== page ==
That’s the evidence from the Hewitt 401(k) Index, that found transferring 401(k) balances shifting toward stock investment funds on two-thirds of the trading days during the month, the most equity-oriented days since 2000 as major US stock indices enjoyed a resurgence – the Dow gaining 6.11%, the S&P 500 was 8.1% higher, and the NASDAQ gained 9.18%.
On average, the 1.5 million participants tracked by the index transferred a more modest than normal 0.06% of balances per day, compared with the trailing 12-month average transfer activity of approximately 0.08%. Hewitt notes that even on days such as April 2nd, when the market rose more than 2.5% (and the NASDAQ rose an even stronger 3.6%) on news of US troops moving into Iraq’s “Red Zone,” transfer activity was just 0.087% of total balances. There were no above normal trading days in April, and in fact there have only been five during the first third of the year (see Transfers Head For Cover Amidst War News ).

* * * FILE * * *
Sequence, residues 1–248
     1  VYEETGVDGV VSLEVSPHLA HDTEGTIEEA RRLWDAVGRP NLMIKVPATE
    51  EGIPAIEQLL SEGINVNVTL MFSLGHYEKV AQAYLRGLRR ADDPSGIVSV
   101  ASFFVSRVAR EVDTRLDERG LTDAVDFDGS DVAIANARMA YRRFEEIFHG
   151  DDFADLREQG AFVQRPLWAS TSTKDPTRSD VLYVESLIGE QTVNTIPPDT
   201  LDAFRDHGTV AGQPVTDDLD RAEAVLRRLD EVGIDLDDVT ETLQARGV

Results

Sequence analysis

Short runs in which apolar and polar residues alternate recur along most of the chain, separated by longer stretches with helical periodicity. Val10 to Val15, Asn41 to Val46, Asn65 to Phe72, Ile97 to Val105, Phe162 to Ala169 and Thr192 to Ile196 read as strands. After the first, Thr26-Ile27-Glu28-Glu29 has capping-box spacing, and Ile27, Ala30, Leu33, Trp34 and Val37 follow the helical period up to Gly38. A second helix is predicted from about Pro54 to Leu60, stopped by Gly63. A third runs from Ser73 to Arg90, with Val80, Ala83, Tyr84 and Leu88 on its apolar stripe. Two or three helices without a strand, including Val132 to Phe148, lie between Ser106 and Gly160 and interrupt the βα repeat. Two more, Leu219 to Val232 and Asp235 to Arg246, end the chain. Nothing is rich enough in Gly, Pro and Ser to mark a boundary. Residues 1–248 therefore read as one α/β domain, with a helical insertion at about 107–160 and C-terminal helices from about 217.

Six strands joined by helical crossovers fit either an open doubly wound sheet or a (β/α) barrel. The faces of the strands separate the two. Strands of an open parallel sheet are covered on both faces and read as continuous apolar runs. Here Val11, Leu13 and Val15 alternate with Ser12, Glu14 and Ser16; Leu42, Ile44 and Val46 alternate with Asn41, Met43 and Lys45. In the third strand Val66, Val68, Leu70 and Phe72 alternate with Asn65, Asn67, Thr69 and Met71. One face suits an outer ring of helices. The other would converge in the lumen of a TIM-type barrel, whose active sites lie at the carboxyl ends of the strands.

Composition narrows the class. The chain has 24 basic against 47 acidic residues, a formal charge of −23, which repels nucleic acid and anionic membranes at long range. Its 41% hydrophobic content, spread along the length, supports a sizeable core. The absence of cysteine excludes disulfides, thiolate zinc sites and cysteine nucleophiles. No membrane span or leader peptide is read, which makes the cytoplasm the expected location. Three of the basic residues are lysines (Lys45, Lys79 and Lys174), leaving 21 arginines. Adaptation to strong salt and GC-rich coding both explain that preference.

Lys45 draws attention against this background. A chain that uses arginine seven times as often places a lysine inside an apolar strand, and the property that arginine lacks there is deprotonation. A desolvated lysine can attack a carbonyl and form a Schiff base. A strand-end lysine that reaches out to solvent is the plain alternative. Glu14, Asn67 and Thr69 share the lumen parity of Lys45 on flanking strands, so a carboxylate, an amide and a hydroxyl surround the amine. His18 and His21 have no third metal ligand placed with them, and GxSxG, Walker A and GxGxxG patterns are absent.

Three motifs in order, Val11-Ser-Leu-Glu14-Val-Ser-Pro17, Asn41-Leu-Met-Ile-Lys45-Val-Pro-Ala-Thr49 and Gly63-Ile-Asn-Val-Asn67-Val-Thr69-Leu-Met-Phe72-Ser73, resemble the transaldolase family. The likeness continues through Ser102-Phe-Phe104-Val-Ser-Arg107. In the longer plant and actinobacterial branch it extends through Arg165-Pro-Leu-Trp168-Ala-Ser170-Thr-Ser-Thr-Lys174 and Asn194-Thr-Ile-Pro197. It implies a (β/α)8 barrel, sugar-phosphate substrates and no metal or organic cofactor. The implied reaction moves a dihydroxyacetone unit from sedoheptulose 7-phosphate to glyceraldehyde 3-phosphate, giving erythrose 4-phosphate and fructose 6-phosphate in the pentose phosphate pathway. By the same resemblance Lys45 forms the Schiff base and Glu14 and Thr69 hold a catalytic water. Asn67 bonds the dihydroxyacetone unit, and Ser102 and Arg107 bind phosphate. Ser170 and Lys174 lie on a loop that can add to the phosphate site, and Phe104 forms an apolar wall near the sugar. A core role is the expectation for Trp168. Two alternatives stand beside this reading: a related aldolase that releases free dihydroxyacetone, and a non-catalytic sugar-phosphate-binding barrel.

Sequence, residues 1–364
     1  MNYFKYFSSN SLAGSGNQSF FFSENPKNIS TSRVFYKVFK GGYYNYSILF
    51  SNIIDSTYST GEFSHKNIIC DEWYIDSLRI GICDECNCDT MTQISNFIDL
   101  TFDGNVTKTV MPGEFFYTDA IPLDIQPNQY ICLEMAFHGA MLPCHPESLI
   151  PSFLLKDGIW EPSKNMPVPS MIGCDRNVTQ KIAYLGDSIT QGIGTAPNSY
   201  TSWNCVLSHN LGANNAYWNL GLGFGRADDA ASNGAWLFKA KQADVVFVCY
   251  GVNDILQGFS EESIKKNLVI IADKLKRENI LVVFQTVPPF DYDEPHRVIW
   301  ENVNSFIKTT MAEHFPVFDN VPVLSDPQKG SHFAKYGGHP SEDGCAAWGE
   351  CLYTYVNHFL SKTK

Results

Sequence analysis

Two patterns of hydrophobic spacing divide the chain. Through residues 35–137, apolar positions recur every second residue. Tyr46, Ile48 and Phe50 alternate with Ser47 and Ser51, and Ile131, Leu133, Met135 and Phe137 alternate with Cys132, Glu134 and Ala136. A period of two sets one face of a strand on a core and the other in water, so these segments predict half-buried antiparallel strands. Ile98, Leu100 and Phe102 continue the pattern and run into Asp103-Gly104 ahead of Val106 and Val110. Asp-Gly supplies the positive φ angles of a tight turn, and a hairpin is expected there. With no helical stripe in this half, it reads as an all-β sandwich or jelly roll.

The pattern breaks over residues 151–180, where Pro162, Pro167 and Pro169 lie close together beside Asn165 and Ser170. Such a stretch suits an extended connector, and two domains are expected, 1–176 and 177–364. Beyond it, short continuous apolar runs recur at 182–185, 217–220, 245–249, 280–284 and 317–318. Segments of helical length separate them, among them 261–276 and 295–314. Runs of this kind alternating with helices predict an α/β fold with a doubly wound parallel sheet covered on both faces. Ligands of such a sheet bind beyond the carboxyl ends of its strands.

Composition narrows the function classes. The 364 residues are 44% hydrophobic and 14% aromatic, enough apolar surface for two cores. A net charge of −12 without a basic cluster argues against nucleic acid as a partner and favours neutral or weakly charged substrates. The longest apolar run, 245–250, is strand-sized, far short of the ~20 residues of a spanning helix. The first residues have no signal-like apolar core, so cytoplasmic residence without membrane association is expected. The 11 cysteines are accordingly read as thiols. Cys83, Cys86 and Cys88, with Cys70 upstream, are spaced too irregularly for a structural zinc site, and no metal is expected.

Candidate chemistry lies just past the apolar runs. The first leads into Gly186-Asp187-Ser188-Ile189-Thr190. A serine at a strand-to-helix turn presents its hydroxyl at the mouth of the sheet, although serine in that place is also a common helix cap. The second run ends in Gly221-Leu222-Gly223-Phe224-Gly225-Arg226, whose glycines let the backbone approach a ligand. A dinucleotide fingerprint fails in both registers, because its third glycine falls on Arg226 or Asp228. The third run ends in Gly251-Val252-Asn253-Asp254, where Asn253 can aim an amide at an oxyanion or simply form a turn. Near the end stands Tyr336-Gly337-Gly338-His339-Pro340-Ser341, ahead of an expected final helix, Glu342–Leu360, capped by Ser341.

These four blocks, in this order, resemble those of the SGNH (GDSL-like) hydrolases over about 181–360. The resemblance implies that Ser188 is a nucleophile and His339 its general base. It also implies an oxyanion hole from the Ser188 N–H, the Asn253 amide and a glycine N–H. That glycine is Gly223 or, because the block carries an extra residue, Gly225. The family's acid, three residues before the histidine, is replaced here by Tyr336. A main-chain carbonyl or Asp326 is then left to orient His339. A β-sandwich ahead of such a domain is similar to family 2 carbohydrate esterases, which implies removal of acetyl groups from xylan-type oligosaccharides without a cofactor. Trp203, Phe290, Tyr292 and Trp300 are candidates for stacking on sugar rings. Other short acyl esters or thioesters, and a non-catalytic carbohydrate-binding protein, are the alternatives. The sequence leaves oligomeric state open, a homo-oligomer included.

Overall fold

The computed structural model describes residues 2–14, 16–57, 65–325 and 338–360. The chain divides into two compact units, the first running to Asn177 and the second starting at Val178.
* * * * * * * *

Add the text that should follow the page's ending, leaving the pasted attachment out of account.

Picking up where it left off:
One casualty of the move was that for the first time since the beginning of 2002, GIC/stable value saw net transfers out, while all diversified equity asset classes saw net transfers in. Not surprisingly, large US equity was the largest beneficiary of the trend, pulling in more than $150 million during the course of the month.
Still, GIC/stable value investments remain the largest asset class in the Hewitt 401(k) Index, representing some 28.23% of total balances at April’s end. However, large US equity balances increased their share of the $70 billion pie tracked by Hewitt, comprising 20.86% in April, from 19.7% at the end of March. Nearly 23% of the participant balances tracked by the index were invested in company stock, with balanced (7.32%), bond (5.34%) and lifestyle/pre-mixed offerings (4.73%) representing smaller investments.
During the month 59% of contributions went to stock investments, compared with 68% a year ago. An even more striking comparison lies with April 2001, when 81% of new monies went to equities. At the end of April, overall stock investment exposure was 57.9%, compared with 56.9% at the end of March.
Company stock attracted just 16% of new contributions during the month, compared with nearly 23% in March (see Transfers Head For Cover Amidst War News ). Lifestyle funds pulled 10.27%, while nearly 9% went toward bond offerings, and roughly 4% of new contributions were invested in balanced funds.